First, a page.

Here’s what most of us know about Alzheimer’s: Symptoms include serious memory loss and confusion, and a buildup of brain plaque (beta-amyloid protein pieces) likely causes those issues. Yet that isn’t the full story; there are many other potential explanations for the disease’s existence. Some scientists, for instance, believe that neuronal stress (stress from diet, lifestyle, or genetics that affects brain cells) is the root cause, and plaques are simply a by-product of that stress. Others speculate that Alzheimer’s occurs when neurons (brain cells) stop producing and using energy correctly. The latter theory has generated buzz in recent months, because a new study found that a molecule called NAD+ helped neurons function normally. Thus, NAD+ may help slow the aging of neurons and reduce a person’s Alzheimer’s risk.
What is NAD+?
NAD+ stands for nicotinamide adenine dinucleotide. It’s a form of vitamin B-3 and a co-enzyme, or a molecule that aids an enzyme as it works (in fact, many vitamins are co-enzymes). NAD+ helps our cells get energy from the food we eat, and it also helps repair DNA and improve the function of immune system cells. All in all, it’s a vital part of our bodies, helping to maintain healthy tissue and a healthy metabolism.
As we age, our NAD+ levels tend to decline. (This may be for several reasons — from lifestyle changes to genetics.) Low NAD+ levels are linked to cognitive decline, diabetes, cancers, and frailty, and some researchers believe that supplementing with NAD+ can help slow down and even reverse certain conditions.
What happened in the study?
Published in Aging Cell, the study was conducted by a team of researchers at the National Institute on Aging (NIA) in Baltimore, Maryland. The NIA team hypothesized that boosting a person’s NAD+ levels with a supplement could increase levels of NAD+ in the brain and reduce the risk of neurodegenerative disease (any disease in which cells in the central nervous system malfunction — this includes Alzheimer’s). So, they analyzed data from a previous study conducted by University of Colorado (CU) researchers, during which adults around the age of 65 took a vitamin B-3 supplement called nicotinamide riboside (NR) twice daily for six weeks. (NR becomes NAD+ in the body.) Another group of participants received a placebo.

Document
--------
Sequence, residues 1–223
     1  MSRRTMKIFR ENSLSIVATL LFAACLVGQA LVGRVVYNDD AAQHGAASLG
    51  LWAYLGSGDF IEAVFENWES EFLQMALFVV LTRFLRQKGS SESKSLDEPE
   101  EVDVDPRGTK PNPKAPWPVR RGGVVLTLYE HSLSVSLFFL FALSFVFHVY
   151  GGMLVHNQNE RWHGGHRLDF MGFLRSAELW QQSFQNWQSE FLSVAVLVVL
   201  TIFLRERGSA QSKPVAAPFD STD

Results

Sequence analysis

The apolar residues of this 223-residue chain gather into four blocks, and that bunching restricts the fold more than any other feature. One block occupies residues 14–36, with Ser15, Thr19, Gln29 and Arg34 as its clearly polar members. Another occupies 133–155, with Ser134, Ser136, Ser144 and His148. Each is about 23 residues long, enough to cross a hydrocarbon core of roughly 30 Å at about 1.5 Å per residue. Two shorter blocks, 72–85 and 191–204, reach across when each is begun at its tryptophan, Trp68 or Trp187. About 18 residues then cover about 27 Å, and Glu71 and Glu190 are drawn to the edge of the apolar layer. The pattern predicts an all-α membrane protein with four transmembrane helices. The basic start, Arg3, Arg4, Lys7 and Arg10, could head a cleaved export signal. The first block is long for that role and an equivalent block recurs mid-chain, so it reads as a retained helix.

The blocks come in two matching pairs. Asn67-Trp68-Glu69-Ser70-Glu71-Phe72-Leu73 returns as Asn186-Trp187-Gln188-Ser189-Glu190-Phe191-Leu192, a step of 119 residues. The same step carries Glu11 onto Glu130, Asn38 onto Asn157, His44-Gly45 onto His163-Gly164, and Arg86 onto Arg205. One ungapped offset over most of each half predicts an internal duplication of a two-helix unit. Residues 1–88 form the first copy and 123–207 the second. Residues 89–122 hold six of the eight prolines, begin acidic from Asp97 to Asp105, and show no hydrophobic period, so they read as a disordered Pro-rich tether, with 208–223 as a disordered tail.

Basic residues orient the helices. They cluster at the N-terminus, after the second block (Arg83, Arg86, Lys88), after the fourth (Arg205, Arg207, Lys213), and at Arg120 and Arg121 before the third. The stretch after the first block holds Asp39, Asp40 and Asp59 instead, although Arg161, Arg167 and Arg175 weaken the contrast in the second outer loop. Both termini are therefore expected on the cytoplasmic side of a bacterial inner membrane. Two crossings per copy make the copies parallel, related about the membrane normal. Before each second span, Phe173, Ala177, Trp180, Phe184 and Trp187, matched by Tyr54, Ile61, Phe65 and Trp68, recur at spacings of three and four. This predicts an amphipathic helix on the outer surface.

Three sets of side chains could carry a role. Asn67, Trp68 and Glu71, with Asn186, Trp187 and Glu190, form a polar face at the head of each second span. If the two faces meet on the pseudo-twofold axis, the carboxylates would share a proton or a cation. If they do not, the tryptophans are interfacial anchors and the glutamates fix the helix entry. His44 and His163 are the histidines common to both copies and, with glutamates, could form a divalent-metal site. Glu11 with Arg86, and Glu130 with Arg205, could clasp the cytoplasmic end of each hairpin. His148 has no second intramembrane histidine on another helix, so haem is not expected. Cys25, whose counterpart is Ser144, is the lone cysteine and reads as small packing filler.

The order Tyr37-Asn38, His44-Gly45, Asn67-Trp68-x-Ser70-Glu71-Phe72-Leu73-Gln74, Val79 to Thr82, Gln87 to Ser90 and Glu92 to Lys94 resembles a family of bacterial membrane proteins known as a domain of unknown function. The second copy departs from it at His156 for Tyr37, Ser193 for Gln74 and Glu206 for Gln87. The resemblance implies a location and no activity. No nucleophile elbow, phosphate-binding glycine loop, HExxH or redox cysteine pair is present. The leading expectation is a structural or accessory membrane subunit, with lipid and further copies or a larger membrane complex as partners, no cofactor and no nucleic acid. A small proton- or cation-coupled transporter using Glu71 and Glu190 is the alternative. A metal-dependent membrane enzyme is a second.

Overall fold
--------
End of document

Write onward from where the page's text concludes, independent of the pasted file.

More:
After six weeks, the CU researchers observed that participants taking the NR supplement experienced an increase in their NAD+ blood levels. In addition, the participants’ blood pressure decreased and arterial stiffness softened. (Stiff arteries lead to high blood pressure.)
With this in mind, the NIA team conducted a series of tests on the data which suggested that participants’ NAD+ in the brain also increased. This is important because not every supplement makes it to the brain. Certain nutrients cannot penetrate the blood-brain barrier — a network of blood vessels and tissues that filter out harmful substances before they reach the brain. While the NIA researchers couldn’t prove that the NR supplement crossed the blood-brain barrier, their data showed that it’s likely.
What effect did the NR supplement have on the brain?
The NIA team couldn’t show exactly how the NR (vitamin B-3) supplement affected the participants’ neurons. However, they gathered evidence to show that it positively altered pathways in the brain that are affected by Alzheimer’s. In addition, the NIA researchers noticed a small but significant decrease of tau and amyloid proteins in participants’ brains when compared to the placebo group.
In Alzheimer’s, abnormal tau and amyloid proteins collect between neurons and clump together — so reducing these proteins may be beneficial. In this study, it’s possible that the participants’ brains were able to function better with the NR supplement and could clear out excess proteins more easily.
How can I improve my NAD+ levels?
Nicotinamide riboside — the precursor to NAD+ — is found in cucumber, cabbage, broccoli, avocado, and tomato. Other foods that boost your NAD+ levels? Turkey, fish (sardines, salmon, and tuna), whole grains, milk, beef, pork, green vegetables (especially asparagus and peas), mushrooms, and nutritional yeast. If you’d rather take an NAD+ supplement, the recommended dosage is between 250 and 300 milligrams daily. (Note: Speak to your doctor before trying a new supplement.)
Also, the foods we eat influence the bioavailability of NAD+ in the body. A high fat, high sugar diet can cause NAD+ levels to decrease, so eating sugary and fatty foods in moderation may help improve your levels.
What does all of this mean for us?
Ultimately, there is much more to Alzheimer’s than we often realize. Future treatments for the disease may involve not just reducing plaque in the brain, but also “feeding” neurons with high-quality foods or supplements that boost levels of NAD+.
The cure may be in the far-off future, but improving your brain health and reducing your Alzheimer’s risk can start right now. If you want to learn more about protecting your memory and cognitive function, check out these tips to triple your memory in five minutes, and this neuroscience expert’s number one brain boosting hack.